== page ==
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Comment Re:how to fight back (Score 1) 344

You're absolutely correct.

I think the solution is to replace the current political culture with like-mined persons who are brave enough to stand up to the leaches (that in particular includes the small to very large companies that depend on government spending) and start cutting - cutting spending, favors, and anything else that is superfluous to maintaining order and other basic government services.

It's going to have to be persons willing to die for that goal.

Comment Re:Wow (Score 1) 298

Yeah, my first thought was:

Ha! Ha! Ha! Ha! Ha! Ha! Ha! Ha! Ha! Ha! Ha! Ha! Ha! Ha! Ha! Ha! Ha! Ha! Ha! Ha! Ha! Ha! Ha! Ha! Ha! Ha! Ha! Ha! Ha! Ha! Ha! Ha! Ha! Ha! Ha! Ha! Ha! Ha! Ha! Ha! Ha! Ha! Ha! Ha! Ha! Ha! Ha! Ha! Ha! Ha! Ha! Ha! Ha! Ha! Ha! Ha!

Sigh, then I actually read the post... so,

Ha! Ha!

Comment Re:This proves one thing (Score 1) 775

They wouldn't some so crazed to make a living or even get rich (just like newspapers, TV stations, car dealerships, radio stations, singers, song writers, record labels, dry cleaners, Google, Microsoft, hospitals, architects, engineers, and anyone else who gets up in the morning to work in this world and/or starts/runs a business - do you get where I'm going with that?) if those same insurance companies were allowed to offer their services across state lines. That is: there would be better pricing if there were better competition.

Comment Libertarians are more about... (Score 1) 944

Libertarians are more about individuals' freedoms.

The GPL is about software itself being free: free from others making it closed sourced.
The BSD-type of license make the wielder of the software free to do what they want with the software - even make it closed sourced (as long as there is accreditation of origin).

So, it's not surprising when a Libertarian criticizes 'free software' - assuming that software is not released under a BSD-type of license.

Comment Re:Didn't Japan just come out ... (Score 1) 550

You forgot to quote the quote:

The design purpose of EBR-I was not to produce electricity but instead to validate nuclear physics theory which suggested that a breeder reactor should be possible.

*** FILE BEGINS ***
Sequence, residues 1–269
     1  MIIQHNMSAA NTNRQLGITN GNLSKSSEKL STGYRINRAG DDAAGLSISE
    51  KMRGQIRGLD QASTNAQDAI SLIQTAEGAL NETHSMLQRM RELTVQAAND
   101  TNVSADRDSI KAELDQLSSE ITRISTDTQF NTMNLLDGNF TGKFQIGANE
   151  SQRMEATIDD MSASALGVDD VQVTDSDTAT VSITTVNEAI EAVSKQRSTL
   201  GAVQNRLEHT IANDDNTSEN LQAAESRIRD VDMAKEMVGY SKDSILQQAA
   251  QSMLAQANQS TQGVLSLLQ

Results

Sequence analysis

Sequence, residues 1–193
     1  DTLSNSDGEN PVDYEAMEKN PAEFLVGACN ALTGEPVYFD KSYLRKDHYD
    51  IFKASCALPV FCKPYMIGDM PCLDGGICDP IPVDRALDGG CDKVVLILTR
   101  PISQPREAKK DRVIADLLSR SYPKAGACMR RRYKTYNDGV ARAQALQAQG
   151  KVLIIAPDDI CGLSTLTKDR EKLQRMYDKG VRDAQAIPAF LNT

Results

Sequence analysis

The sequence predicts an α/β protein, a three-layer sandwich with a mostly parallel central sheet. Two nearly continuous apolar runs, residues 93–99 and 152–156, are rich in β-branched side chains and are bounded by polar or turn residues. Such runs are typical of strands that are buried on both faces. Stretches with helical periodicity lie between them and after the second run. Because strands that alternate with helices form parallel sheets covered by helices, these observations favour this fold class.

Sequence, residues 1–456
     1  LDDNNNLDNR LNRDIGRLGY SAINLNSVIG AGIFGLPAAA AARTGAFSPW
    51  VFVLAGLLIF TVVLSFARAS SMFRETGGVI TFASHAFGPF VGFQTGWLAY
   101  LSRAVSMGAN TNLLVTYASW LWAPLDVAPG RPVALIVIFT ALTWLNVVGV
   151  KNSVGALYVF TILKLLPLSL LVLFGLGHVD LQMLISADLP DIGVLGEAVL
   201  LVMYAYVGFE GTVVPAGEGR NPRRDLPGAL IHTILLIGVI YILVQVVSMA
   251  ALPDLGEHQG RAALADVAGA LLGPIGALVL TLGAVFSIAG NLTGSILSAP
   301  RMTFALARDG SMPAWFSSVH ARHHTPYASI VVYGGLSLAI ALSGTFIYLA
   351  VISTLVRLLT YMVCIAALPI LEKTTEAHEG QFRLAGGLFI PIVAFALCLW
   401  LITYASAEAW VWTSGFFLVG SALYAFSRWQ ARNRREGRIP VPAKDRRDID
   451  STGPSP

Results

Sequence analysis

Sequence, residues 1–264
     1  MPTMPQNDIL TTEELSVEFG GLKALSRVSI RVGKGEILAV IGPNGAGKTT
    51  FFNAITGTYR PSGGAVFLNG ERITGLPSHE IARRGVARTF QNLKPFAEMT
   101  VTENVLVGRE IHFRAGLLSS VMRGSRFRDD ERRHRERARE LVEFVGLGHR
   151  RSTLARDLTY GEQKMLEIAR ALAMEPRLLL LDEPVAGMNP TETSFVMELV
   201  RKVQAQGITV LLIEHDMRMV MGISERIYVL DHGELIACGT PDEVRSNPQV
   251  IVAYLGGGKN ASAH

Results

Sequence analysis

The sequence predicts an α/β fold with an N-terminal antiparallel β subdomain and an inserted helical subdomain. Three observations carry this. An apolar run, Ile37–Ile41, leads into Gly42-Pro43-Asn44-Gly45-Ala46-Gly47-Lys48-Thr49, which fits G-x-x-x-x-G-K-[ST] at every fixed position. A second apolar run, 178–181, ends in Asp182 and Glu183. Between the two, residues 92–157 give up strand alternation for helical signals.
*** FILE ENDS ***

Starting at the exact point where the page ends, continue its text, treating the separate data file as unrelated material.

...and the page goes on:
With this goal (not the supply of electricity to anything), and a partial meltdown, no wonder the cost was so high.

Space travel, now, is not so experimental as a breeder reactor was then; there have been numerous successful launches of payloads into space. Surely there have been many more than there have been failures.

"Gee, $5 million to power a measly 50 houses? What a waste!".

Just a reminder: the goal wasn't to power houses (or anything else) but to find out if a breeder reactor was feasible.

How can you justify dismissing an entirely new field of development based purely on the high costs for the initial prototype?

1 Gigawatt output is a prototype? I mean, if so: more power to them.

Finally, my goal is not to poo-poo lofty ideas. I just believe there are many more practical, if not safer, means for the Japanese to generate power. But, if they are able to make it practical, watch out for the environmentalists to complain about birds flying into the power delivery path.

Comment Re:Didn't Japan just come out ... (Score 1) 550

We absolutely should have gone into Rowanda. That was a HUGE failure of Madeline Albright and the Clinton Administration. The unresponsive parties shall bare their responsibilities in as much as they could have done something and didn't.

I just can't put my finger on it.

Then let me put it on part of "it" for you: No-Fly Zones. The whole of the story around why No-Fly zones were set up and how Saddam tried to shot down allied targets is sufficient reason for invading (and finishing what should have been completed a decade prior). The freedom of the millions is lagniappe.

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